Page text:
It has become difficult to keep track of all the articles being written about market capitalism’s tendencies to work its way into some sort of calamity or dead end. One of the latest involves the evolution of stock investment funds and their management. An article by Charles Stein in Bloomberg Businessweek provides some necessary background. The paper edition of the magazine used the title The Prof Who Made a Monkey of Wall Street. For some reason, the online version was titled The Professor Who Was Right About Index Funds All Along.
Stein introduces us to Burton Malkiel.
“In 1973, Malkiel, a Princeton professor, published the first version of his investment guide, A Random walk Down Wall Street. He wrote that “a blindfolded monkey throwing darts at the stock listings could select a portfolio that would do just as well as one selected by the experts.” Since most investors can’t beat the market average over time, he argued, they’d be better off in some kind of low-fee fund that simply held all of the stocks on a widely followed index. Problem was, no such retail fund existed.”
It took only a few years for Vangard to step in and create such an investment option. Money managers were generally dubious at the time.
“….Ned Johnson, then the head of Fidelity Investments, spoke for most money managers when he told the Boston Globe, ‘I can’t believe that the great mass of investors are going to be satisfied with an ultimate goal of just achieving average returns’.”
Apparently, investors ultimately decided that “average” returns were better than casino type investing where the house’s take, money managers’ fees, insures the return is generally less than average.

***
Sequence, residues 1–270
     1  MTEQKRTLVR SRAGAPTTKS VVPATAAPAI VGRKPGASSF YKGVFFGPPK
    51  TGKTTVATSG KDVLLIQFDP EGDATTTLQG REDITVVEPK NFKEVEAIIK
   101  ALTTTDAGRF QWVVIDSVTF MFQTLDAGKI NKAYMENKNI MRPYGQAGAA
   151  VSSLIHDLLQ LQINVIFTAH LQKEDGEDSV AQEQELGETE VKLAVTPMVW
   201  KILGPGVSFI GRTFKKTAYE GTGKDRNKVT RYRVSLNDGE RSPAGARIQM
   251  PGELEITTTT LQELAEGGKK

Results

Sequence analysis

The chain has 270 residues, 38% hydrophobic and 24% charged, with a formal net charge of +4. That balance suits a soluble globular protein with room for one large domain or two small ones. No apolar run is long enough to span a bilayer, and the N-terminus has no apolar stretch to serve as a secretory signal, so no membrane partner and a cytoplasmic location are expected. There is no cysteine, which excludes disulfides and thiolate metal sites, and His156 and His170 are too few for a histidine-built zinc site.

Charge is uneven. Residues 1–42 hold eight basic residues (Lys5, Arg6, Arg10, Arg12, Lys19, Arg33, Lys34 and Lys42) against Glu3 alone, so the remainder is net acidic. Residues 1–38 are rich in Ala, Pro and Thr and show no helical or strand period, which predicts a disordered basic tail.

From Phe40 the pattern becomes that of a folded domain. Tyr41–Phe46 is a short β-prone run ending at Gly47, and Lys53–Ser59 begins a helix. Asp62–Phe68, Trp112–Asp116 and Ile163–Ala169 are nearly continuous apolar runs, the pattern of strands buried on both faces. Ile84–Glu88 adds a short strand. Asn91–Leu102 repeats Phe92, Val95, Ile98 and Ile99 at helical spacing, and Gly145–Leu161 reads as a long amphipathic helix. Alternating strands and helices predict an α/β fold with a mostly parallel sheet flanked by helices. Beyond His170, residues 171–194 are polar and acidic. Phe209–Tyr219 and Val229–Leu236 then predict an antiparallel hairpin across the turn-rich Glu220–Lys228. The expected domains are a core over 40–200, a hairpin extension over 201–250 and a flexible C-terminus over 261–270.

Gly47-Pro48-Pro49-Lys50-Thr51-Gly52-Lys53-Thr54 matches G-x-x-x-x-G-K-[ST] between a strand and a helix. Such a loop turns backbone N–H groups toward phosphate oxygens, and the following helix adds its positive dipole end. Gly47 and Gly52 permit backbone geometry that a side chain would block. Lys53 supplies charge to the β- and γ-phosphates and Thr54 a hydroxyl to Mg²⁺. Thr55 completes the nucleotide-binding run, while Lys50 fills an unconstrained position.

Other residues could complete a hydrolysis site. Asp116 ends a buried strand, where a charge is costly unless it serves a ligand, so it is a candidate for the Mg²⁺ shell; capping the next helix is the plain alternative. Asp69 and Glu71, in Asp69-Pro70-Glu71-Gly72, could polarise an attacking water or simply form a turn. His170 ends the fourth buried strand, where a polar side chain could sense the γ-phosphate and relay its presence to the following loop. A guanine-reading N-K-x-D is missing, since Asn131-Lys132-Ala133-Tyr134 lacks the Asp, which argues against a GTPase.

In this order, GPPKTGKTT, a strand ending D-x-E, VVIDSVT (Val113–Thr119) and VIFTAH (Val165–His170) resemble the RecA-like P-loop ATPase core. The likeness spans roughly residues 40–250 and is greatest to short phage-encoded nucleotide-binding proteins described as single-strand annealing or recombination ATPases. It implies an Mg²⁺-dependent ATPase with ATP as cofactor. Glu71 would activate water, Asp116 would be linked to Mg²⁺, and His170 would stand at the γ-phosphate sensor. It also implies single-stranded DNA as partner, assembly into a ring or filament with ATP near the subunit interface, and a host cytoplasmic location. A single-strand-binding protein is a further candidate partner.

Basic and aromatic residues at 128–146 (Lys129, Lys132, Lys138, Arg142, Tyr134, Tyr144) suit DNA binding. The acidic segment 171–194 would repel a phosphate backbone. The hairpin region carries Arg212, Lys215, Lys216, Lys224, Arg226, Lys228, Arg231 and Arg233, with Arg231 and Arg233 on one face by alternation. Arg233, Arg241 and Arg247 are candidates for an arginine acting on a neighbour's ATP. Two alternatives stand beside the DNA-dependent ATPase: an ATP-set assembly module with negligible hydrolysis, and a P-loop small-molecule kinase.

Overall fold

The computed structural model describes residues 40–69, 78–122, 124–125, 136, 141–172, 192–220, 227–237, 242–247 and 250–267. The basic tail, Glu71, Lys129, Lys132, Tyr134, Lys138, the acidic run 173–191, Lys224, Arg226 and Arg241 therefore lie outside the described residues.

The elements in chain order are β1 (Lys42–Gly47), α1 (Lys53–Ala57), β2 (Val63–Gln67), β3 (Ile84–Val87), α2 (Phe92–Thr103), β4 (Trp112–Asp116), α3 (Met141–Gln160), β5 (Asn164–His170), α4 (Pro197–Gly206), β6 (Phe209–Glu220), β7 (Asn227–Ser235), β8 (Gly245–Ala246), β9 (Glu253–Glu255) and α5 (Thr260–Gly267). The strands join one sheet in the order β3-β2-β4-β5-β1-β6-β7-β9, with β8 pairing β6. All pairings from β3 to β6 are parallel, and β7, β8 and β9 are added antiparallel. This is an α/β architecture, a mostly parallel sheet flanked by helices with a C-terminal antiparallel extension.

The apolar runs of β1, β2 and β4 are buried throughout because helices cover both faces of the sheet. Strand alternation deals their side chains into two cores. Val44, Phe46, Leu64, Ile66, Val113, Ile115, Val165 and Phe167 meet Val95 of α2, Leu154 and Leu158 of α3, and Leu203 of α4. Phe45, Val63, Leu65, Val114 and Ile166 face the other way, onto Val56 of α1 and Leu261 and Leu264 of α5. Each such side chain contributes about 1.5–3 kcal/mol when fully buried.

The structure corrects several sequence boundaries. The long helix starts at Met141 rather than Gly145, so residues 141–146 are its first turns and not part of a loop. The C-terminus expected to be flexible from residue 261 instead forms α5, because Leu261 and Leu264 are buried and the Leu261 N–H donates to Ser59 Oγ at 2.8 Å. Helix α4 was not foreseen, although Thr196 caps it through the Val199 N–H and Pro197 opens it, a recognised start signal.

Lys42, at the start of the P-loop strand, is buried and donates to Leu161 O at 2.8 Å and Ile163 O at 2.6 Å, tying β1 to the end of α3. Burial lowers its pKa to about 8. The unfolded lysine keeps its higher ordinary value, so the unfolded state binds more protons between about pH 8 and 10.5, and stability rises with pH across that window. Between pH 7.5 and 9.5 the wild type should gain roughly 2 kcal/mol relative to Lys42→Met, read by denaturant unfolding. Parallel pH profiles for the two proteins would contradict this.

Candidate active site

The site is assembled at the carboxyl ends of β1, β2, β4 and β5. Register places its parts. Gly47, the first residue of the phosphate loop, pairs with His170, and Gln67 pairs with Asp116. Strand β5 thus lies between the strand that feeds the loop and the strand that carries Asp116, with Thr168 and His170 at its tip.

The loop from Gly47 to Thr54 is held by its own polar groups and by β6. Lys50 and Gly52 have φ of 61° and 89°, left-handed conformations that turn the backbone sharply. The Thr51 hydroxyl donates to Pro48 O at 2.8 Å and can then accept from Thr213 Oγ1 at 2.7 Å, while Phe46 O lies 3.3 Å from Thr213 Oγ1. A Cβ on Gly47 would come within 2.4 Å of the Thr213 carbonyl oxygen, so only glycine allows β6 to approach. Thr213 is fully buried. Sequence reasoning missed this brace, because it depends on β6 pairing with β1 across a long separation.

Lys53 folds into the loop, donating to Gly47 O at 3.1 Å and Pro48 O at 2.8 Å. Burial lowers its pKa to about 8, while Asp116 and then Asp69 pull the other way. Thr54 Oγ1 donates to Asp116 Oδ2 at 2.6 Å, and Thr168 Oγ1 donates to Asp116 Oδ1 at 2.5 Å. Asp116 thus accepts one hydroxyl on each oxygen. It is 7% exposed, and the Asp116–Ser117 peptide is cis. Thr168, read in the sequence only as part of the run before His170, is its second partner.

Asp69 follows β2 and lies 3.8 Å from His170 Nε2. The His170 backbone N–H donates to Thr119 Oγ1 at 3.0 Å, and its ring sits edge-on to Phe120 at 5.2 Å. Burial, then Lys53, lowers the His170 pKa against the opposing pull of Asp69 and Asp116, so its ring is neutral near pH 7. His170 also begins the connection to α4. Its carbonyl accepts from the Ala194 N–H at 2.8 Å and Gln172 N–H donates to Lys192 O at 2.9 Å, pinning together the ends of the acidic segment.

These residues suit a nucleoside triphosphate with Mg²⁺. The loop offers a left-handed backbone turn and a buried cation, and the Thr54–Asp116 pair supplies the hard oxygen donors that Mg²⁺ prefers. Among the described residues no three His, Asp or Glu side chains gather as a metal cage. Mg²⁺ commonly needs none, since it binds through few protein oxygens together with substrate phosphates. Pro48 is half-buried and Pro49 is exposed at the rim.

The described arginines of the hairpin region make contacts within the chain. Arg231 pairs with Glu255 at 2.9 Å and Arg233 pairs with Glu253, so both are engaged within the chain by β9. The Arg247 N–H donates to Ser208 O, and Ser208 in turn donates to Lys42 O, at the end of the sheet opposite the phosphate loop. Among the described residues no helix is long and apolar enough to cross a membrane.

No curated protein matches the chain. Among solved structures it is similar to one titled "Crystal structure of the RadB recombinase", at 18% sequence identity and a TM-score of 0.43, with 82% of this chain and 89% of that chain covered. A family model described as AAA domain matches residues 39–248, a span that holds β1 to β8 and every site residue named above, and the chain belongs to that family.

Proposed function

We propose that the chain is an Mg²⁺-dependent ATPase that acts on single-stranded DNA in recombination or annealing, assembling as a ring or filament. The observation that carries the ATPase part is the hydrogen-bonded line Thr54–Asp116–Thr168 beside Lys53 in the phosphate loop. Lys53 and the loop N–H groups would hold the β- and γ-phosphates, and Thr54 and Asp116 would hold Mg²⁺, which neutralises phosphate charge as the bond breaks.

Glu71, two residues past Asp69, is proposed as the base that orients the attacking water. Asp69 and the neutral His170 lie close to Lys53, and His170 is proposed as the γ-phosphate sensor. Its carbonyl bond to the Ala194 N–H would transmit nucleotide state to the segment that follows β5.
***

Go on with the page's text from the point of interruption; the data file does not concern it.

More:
“Things changed ... slowly, and then all at once. That first fund, the S&P 500-mimicking Vanguard 500 Index grew to a respectable $3 billion in assets in its first 20 years. But when it turned 40 years old on Aug. 31, it had more than $200 billion in assets, making it the third largest mutual fund, behind two other Vanguard index funds. From the end of 2007 through 2015—that is, since the financial crisis—domestic equity index funds saw a net inflow of investor money as active stockpickers grappled with outflows. About 34 percent of all fund assets are now in index trackers. Fidelity, though still a believer in the idea that managers can beat the markets, now advertises how inexpensive its own index funds are.”
As more money flows into index funds, a qualitative shift in desired investment outcomes occurs. An “active” investor might feed money to a particular company in hopes that that firm will outdo all of its competitors, take away their business, and produce a dramatic increase in profit for itself. Index funds, however, are “passive” investors. They can charge low fees because they simply invest in the portfolio of companies that make up whatever index they are following. This leads to a given fund having investments in many, if not all competitors in a given arena. It is in the best interest of passive investors, therefore, for all companies to have stable, growing profits. This is not the way capitalism is supposed to work.
The writer of the Free Exchange column in The Economist provided some thoughts on this issue in an article titled Stealth Socialism.
“There is a contradiction at the heart of financial capitalism. The creative destruction that drives long-run growth depends on the picking of winners by bold, risk-taking capitalists. Yet the impressive (if not perfect) efficiency of markets means that trying to out-bet other investors is almost inevitably a losing proposition. Algorithmic punters trade away the tiniest of arbitrage opportunities near-instantaneously. Active investment strategies therefore amount to little more than a guessing game: one in which, over time, the losses from bad guesses eventually top the gains from good ones. Betting with the market—through broad index funds, for instance—is therefore a good way to maximise returns. Yet where does that leave capitalism, red in tooth and claw, and its need for bloody-minded nonconformists?”